With the 2022 tax season upon us, getting the most out of our hard-earned money is a high priority for most of us (I’m not talking to you, Elon…). One of the unexpected surprises hidden in the 2022 Inflation Reduction Act (IRA) was an expansion of existing tax credit opportunities. Specifically, those that promote solar energy. The IRA extends the provisions of the Solar Investment Tax Credit (ITC), so
residential homeowners who install solar panels between January 1, 2022, through the end of 2032 (yes – retroactive to all installs in 2022) will receive a 30% tax credit off the installation cost from their federal income taxes. If homeowners owe less than their solar tax credit amount in federal taxes in the year they install their system, they can carry over any unused credit into the next tax year for as long as the ITC is in effect. After 2032, the residential ITC will start to again phase out to 26% in 2033, 22% in 2034, and will end in 2035. For anyone who had their solar and/or battery system installed in 2022 (which was a record-breaking year for us, so there are many Sky NRG Solar customers in this situation), will be getting the full 30% tax credit, rather than the initially anticipated 26%. Great news indeed!
Another very welcome piece of the ITC is that, for the first time, non-profit organizations are eligible for solar tax credit. Non-profits, which do not pay federal taxes, had historically been disincentivized from switching to solar because they could not capture the value of the solar tax credit. But now, non-profits will receive the same 30% tax break on solar installations via direct payment from the federal government. Houses of worship, schools, fire stations, and public works facilities… these institutions are now able to take advantage of this huge incentive to upgrade to renewable power.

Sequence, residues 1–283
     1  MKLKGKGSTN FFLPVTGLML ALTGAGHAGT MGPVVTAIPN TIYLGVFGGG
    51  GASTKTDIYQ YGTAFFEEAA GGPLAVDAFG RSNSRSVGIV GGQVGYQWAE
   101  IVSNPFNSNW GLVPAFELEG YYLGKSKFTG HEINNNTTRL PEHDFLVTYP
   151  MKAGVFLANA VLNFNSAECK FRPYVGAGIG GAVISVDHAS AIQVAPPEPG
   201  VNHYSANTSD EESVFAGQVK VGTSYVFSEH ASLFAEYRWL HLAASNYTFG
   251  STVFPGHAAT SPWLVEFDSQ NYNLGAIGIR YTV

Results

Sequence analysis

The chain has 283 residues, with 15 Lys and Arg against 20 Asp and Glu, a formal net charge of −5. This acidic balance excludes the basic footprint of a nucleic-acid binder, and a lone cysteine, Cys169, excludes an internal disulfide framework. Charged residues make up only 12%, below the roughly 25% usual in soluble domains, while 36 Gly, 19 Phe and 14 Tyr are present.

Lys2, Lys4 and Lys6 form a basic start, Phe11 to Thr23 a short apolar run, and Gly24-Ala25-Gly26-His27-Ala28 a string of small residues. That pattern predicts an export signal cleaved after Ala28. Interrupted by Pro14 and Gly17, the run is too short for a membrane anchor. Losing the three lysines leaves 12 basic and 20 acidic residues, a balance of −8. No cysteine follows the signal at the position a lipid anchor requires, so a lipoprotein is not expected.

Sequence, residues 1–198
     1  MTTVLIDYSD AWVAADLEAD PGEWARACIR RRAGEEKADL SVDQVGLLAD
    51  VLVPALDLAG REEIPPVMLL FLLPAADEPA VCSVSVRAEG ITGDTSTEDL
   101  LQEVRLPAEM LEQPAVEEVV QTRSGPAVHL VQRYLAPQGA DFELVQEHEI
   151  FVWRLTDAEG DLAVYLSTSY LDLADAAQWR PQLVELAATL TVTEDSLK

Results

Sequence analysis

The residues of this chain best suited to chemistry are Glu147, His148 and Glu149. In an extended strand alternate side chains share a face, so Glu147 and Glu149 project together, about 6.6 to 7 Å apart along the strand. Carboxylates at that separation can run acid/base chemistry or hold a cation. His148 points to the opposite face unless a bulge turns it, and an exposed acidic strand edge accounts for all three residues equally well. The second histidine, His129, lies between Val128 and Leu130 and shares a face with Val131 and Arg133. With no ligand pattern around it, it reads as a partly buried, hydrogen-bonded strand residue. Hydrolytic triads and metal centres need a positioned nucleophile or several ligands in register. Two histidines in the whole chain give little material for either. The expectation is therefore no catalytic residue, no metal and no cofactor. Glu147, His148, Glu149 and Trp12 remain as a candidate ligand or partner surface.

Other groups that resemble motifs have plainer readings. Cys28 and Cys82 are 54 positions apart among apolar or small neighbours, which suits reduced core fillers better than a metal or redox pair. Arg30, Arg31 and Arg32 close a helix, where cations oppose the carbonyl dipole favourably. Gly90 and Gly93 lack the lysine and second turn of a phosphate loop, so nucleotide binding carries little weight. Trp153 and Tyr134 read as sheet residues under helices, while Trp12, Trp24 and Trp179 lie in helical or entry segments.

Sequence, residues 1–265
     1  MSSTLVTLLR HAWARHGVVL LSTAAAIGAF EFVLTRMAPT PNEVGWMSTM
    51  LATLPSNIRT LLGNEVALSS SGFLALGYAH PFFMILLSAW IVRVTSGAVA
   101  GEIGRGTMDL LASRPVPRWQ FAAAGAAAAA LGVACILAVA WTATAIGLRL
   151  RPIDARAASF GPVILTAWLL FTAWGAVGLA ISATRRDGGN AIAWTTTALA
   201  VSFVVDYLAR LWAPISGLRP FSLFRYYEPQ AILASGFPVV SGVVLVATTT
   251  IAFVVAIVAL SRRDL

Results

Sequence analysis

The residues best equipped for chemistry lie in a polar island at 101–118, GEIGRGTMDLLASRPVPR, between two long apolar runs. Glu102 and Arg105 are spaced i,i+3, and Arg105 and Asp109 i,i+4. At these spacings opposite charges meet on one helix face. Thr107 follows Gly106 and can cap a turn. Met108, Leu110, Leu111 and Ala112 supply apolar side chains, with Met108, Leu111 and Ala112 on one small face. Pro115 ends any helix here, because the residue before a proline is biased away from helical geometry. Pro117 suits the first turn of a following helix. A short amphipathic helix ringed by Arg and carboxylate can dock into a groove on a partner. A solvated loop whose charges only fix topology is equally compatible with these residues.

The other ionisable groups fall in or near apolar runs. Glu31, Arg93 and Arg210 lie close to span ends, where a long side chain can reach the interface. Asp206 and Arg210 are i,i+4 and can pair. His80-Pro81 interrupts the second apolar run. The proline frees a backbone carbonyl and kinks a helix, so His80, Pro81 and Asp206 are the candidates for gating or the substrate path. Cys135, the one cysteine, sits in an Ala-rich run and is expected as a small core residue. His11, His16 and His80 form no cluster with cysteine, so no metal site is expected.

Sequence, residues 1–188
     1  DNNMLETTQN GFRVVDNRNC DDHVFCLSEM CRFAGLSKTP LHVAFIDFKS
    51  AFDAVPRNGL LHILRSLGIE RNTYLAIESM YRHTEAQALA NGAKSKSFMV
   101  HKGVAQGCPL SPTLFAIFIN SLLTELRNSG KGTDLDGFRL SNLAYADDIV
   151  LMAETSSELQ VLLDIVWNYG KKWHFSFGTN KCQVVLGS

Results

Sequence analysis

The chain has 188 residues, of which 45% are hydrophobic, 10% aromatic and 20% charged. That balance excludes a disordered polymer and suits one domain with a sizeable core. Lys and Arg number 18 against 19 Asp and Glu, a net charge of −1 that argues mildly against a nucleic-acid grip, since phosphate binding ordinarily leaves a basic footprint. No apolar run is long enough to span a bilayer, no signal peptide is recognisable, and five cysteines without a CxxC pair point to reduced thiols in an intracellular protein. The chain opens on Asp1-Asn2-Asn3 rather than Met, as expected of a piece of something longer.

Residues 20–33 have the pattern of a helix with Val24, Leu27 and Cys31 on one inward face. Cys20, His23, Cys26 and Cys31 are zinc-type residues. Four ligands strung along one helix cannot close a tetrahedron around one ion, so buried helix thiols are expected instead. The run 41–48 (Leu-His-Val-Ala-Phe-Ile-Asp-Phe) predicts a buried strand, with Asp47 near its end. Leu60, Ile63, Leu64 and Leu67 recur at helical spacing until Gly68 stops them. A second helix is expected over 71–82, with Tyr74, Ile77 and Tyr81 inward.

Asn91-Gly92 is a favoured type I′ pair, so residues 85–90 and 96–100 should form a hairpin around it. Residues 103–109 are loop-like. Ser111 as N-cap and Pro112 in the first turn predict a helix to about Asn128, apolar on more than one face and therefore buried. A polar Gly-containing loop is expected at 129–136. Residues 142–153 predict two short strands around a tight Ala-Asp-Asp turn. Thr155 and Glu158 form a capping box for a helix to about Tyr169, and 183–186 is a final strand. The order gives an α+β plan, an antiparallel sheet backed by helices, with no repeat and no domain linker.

This begs the question – should you postpone your solar investment due to the current economic uncertainty since the ITC is here to stay? Should you wait and see if solar prices will go down? The answer is as complex as the current situation we’re finding ourselves in. The year 2022 was defined by opposing dynamics: persistent supply chain problems and labor shortages plagued the solar industry, while the passage of the IRA strengthened even further the economics of solar projects. But it’s not all blue skies. Significant challenges remain, from global chip shortages, and ongoing labor issues, to inflation and higher energy prices country-wide. Net metering policies remain a central topic of debate and controversy. Utility-backed proposals in several states (California, Florida, Indiana, Idaho, Michigan, and North Carolina) sought to cut net metering compensation rates and/or enact fixed charges for residential customers this past year. It would not be surprising if Virginia’s powerful Dominion lobby, following suit, pursues net metering changes in the near future. If this ever happens, customers who have already installed solar will most assuredly be grandfathered into existing—and highly favorable—net metering rules.
We expect 2023 to be a busy year for us, and the solar industry as a whole. We expect to upgrade more and more homes and businesses that want to combat rising energy prices and inflation, lock into favorable net metering laws, and lower their carbon footprint. If you’re interested in being one of those homeowners, please reach out to us and see what your solar potential can be.